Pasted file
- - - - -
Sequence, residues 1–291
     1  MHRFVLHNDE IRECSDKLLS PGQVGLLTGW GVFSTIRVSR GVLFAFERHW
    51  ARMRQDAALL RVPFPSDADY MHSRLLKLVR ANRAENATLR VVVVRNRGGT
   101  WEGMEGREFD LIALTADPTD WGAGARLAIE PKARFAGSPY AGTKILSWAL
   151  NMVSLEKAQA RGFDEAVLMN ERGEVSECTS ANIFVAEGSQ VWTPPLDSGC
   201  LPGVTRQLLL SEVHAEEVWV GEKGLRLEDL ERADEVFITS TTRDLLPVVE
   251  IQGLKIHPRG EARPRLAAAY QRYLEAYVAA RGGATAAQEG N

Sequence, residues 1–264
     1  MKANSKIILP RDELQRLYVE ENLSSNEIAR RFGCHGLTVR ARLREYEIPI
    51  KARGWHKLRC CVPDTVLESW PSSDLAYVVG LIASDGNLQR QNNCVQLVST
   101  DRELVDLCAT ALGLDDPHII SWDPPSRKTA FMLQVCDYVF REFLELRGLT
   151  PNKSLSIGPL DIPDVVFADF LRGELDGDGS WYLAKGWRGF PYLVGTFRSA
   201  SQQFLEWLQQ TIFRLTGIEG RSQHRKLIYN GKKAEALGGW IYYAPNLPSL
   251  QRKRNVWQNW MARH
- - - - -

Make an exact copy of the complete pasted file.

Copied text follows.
Sequence, residues 1–291
     1  MHRFVLHNDE IRECSDKLLS PGQVGLLTGW GVFSTIRVSR GVLFAFERHW
    51  ARMRQDAALL RVPFPSDADY MHSRLLKLVR ANRAENATLR VVVVRNRGGT
   101  WEGMEGREFD LIALTADPTD WGAGARLAIE PKARFAGSPY AGTKILSWAL
   151  NMVSLEKAQA RGFDEAVLMN ERGEVSECTS ANIFVAEGSQ VWTPPLDSGC
   201  LPGVTRQLLL SEVHAEEVWV GEKGLRLEDL ERADEVFITS TTRDLLPVVE
   251  IQGLKIHPRG EARPRLAAAY QRYLEAYVAA RGGATAAQEG N

Sequence, residues 1–264
     1  MKANSKIILP RDELQRLYVE ENLSSNEIAR RFGCHGLTVR ARLREYEIPI
    51  KARGWHKLRC CVPDTVLESW PSSDLAYVVG LIASDGNLQR QNNCVQLVST
   101  DRELVDLCAT ALGLDDPHII SWDPPSRKTA FMLQVCDYVF REFLELRGLT
   151  PNKSLSIGPL DIPDVVFADF LRGELDGDGS WYLAKGWRGF PYLVGTFRSA
   201  SQQFLEWLQQ TIFRLTGIEG RSQHRKLIYN GKKAEALGGW IYYAPNLPSL
   251  QRKRNVWQNW MARH